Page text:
A group led by S. W. Kim have reported the development of thermosensitive biodegradable hydrogels (Jeong et al., J. Controlled Release, 62 (1999) 109–114; Jeong et al., Macromolecules, 32: (21) 7064–7069, 1999; Jeong et al., Nature, 388 (1997) 860–862). These hydrogels are block copolymers of PEO and poly(L-lactic acid) (PLLA) in either a di-block architecture PEO-PLLA, or a tri-block architecture PEO-PLLA-PEO. They also report triblock copolymers of poly(ethylene oxide) and poly(lactide-co-glycolide) (PLGA) having the architecture PEO-PLGA-PEO. Aqueous solutions of these polymers were reported to undergo temperature-sensitive phase transitions between fluid solution and gel phases. In aqueous solution, these polymers form micelles composed of hydrophobic cores (either PLGA or PLLA) and hydrophilic surfaces (PEO). Gelation is believed to be due to the aggregation of micelles driven by hydrophobic interactions. This group has also discussed the synthesis of PEO copolymers in multi-armed star shaped architectures having polycaprolactone (PCL) or PLLA chains attached to the PEO arms.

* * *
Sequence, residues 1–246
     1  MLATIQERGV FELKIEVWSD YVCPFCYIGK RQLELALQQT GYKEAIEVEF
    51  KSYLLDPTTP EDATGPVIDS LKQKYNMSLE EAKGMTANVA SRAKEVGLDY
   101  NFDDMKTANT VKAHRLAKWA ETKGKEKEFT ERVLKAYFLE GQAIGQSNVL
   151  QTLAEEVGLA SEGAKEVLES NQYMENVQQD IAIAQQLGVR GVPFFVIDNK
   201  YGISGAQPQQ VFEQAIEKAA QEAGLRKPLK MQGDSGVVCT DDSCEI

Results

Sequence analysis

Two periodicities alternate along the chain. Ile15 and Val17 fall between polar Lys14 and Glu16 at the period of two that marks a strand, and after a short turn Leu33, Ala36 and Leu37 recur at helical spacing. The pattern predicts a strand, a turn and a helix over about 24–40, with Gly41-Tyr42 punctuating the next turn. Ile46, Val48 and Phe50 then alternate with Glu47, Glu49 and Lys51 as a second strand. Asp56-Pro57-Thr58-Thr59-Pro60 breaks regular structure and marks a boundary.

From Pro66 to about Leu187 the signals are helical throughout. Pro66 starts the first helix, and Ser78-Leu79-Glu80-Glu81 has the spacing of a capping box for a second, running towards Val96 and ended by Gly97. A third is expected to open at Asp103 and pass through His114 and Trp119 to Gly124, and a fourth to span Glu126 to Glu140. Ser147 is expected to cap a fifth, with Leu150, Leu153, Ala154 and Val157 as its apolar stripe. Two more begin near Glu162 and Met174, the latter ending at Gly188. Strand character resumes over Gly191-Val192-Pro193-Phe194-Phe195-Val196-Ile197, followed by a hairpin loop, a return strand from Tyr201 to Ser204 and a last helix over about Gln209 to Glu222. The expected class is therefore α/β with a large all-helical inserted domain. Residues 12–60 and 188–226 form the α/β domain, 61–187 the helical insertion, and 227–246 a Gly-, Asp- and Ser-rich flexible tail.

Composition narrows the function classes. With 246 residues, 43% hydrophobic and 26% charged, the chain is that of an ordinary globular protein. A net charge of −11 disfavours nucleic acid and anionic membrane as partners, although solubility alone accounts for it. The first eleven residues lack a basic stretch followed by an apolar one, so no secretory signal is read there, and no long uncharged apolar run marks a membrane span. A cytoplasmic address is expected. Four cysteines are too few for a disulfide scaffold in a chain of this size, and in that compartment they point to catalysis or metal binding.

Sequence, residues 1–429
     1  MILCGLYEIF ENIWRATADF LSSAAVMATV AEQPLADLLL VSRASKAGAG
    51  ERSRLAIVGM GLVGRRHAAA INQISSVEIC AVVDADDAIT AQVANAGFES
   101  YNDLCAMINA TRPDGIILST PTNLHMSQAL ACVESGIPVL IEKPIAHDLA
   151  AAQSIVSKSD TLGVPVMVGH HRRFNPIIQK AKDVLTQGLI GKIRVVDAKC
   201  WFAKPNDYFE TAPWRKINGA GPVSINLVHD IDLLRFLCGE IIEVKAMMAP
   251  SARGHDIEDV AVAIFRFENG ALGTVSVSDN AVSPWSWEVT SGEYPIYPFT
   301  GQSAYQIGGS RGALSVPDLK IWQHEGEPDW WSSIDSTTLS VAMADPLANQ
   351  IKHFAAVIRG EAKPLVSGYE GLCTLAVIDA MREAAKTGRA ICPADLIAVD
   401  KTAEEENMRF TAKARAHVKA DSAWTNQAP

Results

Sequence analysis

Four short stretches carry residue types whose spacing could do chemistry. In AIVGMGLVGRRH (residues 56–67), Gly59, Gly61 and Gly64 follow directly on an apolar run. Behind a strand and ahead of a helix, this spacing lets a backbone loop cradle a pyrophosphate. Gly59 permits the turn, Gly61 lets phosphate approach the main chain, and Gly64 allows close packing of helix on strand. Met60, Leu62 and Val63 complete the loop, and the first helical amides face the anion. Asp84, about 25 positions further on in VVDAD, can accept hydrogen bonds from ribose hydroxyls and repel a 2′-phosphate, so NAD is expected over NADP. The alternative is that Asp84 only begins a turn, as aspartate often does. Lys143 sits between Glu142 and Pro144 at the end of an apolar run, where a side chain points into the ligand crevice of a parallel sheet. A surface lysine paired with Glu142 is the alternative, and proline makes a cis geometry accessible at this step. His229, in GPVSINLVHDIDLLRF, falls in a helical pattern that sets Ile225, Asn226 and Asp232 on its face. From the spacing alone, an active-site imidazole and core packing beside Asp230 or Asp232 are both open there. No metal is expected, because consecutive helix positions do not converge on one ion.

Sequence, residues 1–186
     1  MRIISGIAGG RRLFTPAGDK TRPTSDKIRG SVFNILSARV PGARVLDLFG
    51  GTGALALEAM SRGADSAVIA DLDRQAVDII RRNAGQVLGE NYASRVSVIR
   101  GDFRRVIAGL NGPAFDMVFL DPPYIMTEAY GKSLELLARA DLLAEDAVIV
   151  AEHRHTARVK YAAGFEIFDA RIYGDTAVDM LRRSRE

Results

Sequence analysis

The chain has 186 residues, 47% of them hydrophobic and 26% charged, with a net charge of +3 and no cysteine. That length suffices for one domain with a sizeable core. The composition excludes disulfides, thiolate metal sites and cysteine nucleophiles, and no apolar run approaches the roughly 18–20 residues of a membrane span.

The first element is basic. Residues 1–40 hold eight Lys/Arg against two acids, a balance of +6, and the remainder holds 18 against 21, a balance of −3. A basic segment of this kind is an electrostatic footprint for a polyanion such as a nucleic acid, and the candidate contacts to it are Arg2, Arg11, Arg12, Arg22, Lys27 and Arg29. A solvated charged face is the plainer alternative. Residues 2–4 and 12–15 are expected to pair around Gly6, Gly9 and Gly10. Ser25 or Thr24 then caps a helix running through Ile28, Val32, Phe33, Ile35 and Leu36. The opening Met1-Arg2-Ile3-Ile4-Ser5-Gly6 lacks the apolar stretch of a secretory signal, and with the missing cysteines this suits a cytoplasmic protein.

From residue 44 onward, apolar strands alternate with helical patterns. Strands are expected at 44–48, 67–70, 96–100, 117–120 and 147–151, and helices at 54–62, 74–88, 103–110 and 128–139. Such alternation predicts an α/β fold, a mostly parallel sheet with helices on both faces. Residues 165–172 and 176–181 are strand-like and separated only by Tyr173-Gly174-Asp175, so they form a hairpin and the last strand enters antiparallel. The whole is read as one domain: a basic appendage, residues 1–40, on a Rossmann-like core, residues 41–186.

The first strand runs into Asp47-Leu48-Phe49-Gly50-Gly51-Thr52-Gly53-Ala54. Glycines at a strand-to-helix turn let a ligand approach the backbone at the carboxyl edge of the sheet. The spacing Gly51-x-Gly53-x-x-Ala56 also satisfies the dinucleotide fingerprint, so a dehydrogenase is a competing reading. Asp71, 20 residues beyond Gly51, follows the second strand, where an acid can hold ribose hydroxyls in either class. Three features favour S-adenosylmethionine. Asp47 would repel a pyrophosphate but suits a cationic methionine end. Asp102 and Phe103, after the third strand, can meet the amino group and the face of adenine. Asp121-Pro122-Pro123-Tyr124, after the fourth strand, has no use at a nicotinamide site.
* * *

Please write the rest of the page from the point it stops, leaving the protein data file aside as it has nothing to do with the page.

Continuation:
Another class of in situ gelable materials is based on polymers made from proteins, or “protein polymers”. Cappello, et al. (J Controlled Release 53 (1998) 105–117) reported gelforming block copolymers based on repeating amino acid sequences from silk and elastin proteins. When heated to body temperature, the proteins self-assemble via a hydrogen bond mediated chain crystallization mechanism to form an irreversible gel. The gelation occurs over a relatively long time period of more than 25 minutes.
Although a variety of gelling or precipitatable polyethylene glycol/poly(N-isopropylacrylamide) copolymers have been synthesized, none was designed and synthesized with in situ gelation applications in mind. See, for example Yoshioka et al., J. M. S Pure Appl. Chem., A31: (1) 109–112, 1994; Yoshioka, J. M. S. Pure Appl. Chem., A31: (1) 113–120, 1994; Yoshioka, J. M. S Pure Appl. Chem., A31: (1) 121–125, 1994; Kaneko, Macromolecules, 31: 6099–6105, 1998; Topp, et al., Macromolecules, 30: 8518–8520, 1997; and Virtanen, Macromolecules, 33: 336–341, 2000.